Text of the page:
This is our September round up! We’ve put together what we think is important news to know in the world of marketing and e-commerce. This month we look at Twitter news, Argos being named as top multi-channel retailer and cart abandonment.
Social media news
Twitter trials a 280 character limit
Finally! I may hear some of you cry! Twitter recently announced the increase of their character limit from 140 to 280, on a trial basis and only to a small group of people. According to Twitter:
We want every person around the world to easily express themselves on Twitter. So we’re doing something new: we’re going to try out a longer limit, 280 characters, in languages impacted by cramming (which is all except Japanese, Chinese, and Korean)
We have recently seen Twitter expand their tweet limit by allowing users to include videos, images and polls. The reason behind this more recent momentous decision? They want you to tweet more! For those countries where character limits aren’t a daily frustration, such as Japan or China, Twitter found that with spare characters leftover, they were more likely to send more tweets.
We’ll see whether this has the success Twitter hope for. But for now we just patiently sit and await Twitter’s next announcement of finally being able to edit tweets!
Instagram updates improve community safety
With 800 million users and a platform solely focused on sharing images, you might not think a new comment control option is necessary. But Instagram, since the very beginning, have made it their mission to make it “a safe and positive place for self-expression.” These 3 new updates will help to limit any form of trolling or abuse and will reinforce their commitment to safety and kindness.
- Comment controls
- Anonymous reporting for live video
- Kindness walls and stickers
Argos named UK’s top multi-channel retailer by Retail Week
According to Retail Week, Argos was named the UK’s top mutli-channel retailer. Why you might ask? Well for a number of reasons:
- In store-experience – They have improved the technology used in their stores with the use of tablet devices, instead of those annoying mini pens and slips we all hate. Argos have also invested in digital kiosks, allowing the process of buying and collecting much quicker.
- Click and Collect – The click and collect option has contributed to Argos’ success. Most supermarkets have realised this consumerist potential too, with research claiming that 17% of consumers would reconsider purchasing through the e-commerce store if the option for click and collect wasn’t available. And with customers reportedly spending twice as much, it’s proving a highly effective tactic. The additional option of ‘Fast Track’ only encourages more sales with the promise of on the day collection and delivery.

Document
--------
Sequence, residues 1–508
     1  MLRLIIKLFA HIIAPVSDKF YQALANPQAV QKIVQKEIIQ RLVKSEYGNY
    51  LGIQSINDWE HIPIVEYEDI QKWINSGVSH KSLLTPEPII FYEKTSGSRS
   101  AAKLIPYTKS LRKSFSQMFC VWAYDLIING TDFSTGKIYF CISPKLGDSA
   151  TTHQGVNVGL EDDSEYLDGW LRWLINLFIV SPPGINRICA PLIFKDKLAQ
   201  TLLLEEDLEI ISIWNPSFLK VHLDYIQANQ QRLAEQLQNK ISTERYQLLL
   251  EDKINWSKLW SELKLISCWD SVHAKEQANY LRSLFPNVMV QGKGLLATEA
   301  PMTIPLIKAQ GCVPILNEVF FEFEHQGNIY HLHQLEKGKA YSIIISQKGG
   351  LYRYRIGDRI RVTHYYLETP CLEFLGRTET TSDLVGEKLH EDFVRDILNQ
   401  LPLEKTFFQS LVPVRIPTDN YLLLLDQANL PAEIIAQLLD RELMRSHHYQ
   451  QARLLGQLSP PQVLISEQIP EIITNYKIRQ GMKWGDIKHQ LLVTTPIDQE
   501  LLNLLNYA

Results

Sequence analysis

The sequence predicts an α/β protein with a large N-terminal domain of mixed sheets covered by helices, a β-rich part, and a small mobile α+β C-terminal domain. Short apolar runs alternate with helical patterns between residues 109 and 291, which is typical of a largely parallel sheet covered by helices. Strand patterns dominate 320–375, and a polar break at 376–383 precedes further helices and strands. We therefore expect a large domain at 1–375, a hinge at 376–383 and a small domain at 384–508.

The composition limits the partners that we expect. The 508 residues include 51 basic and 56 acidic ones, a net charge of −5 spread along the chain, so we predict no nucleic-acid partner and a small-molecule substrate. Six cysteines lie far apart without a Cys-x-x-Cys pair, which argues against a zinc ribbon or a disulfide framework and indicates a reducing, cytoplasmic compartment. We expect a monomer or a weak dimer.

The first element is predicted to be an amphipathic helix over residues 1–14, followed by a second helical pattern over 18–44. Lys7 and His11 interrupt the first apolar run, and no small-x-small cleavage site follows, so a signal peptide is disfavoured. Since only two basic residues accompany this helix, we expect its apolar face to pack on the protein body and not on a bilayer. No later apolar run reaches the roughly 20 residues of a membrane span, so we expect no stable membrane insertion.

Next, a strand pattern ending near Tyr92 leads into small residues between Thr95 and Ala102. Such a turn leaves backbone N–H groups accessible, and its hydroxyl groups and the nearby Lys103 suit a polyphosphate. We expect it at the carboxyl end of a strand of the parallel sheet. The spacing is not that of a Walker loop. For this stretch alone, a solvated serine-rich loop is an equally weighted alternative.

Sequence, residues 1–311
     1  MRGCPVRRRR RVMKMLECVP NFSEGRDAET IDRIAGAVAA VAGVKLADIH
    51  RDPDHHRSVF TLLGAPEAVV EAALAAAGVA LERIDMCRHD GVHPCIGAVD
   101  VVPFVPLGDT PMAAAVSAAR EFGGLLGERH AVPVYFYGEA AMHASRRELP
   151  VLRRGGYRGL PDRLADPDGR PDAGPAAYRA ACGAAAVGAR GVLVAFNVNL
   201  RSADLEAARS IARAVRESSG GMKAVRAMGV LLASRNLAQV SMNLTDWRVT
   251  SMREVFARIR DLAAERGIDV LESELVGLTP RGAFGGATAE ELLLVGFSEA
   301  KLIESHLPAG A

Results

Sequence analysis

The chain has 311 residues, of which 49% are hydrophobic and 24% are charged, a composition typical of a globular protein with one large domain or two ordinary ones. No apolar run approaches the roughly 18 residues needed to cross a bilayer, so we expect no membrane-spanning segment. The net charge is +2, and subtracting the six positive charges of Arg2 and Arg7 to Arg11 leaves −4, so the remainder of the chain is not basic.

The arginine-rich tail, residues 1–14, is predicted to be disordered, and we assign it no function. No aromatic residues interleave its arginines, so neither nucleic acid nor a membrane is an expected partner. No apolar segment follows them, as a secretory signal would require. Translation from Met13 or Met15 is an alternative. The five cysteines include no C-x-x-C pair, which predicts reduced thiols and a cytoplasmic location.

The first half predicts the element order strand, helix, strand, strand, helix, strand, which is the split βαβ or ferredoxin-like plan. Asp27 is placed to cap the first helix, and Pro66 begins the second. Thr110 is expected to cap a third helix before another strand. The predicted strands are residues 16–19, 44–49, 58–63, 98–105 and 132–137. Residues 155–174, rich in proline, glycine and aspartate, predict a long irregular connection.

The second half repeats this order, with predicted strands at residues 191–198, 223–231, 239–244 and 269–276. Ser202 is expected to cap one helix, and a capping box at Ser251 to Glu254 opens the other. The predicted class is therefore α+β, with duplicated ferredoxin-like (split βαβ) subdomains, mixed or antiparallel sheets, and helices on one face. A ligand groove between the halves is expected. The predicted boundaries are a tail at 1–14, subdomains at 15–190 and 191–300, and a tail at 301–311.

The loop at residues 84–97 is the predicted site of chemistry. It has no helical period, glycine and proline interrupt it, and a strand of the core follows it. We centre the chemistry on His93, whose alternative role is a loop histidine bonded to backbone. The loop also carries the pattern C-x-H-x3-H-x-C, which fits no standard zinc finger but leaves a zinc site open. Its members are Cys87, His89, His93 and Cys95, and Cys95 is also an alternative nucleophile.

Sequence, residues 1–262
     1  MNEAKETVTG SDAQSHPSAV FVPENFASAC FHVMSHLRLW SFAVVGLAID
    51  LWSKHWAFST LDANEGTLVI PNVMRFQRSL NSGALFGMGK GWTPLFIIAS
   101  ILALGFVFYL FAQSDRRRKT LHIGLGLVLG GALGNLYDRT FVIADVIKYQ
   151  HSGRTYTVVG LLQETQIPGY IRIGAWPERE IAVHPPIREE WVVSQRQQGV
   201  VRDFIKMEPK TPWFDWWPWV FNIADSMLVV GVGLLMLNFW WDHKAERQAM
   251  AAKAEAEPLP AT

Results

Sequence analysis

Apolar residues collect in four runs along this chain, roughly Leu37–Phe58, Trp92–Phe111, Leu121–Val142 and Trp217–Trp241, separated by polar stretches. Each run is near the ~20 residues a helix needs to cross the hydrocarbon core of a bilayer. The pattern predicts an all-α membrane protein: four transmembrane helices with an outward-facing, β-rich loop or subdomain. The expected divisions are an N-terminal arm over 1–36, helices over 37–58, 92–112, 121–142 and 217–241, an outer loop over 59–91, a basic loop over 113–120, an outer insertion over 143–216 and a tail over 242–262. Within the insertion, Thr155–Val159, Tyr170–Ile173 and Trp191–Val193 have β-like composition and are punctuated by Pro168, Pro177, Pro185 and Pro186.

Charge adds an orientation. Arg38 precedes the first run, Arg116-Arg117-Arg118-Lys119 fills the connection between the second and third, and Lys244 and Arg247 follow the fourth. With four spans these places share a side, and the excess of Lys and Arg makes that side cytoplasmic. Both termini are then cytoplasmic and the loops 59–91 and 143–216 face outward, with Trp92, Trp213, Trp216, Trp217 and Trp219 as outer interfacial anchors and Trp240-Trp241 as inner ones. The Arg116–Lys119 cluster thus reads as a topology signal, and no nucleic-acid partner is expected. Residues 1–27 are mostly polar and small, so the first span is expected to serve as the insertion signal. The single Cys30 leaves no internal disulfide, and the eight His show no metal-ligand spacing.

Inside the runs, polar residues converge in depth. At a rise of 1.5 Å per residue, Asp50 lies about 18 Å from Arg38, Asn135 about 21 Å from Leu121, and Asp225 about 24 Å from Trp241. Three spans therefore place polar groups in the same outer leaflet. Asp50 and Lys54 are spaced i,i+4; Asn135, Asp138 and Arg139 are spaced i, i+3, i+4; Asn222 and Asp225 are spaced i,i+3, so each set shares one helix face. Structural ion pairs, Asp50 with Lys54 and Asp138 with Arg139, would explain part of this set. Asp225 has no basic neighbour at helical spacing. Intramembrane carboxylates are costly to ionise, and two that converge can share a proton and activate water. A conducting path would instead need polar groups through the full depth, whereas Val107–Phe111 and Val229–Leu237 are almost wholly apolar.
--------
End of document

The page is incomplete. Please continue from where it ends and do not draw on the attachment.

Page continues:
- Mobile thinking – They have also heavily developed their mobile offering by improving their site and their app. Argos were one of the first multichannel retailer in 2015 to generate £1bn revenue from mobile commerce. In just one year!
With a user-friendly mobile site and a slick and functional mobile app, Argos’s dedication to this channel allows the retailer to better align its digital and physical worlds. Essentially, the app acts as a connector between the two, designed so that customers can switch from one device to another with ease, reflecting the increasingly fractured path to purchase consumers now take.
The app also allows users to streamline the in-store experience by providing a reservation number to quickly collect items. Similarly, features such as geo-location technology allow the retailer to target customers with relevant and location-related messaging, and a barcode scanner lets customers instantly bring up more information about items in the catalogue.
Interesting marketing stat
Only 16% of retailers say they will make mobile shopping their top priority, but consumers say they want a better experience
Brits abandoning £3.4bn in online shopping baskets due to device switching
Based on a new report from Barclays, if online UK retailers streamlined their online purchasing, they could increase their revenue by £10.5bn more in five years. By simply investing in online sales, and looking at existing techniques, such as discounting, mobile optimisation and flexible delivery could easily help reduce cart abandonment. Each year British retailers are losing out on £3.5bn in online shopping baskets. With mobile shopping rising, I think this is a clear indication to those who haven’t considered developing their e-commerce store and optimisng for mobile to do so.
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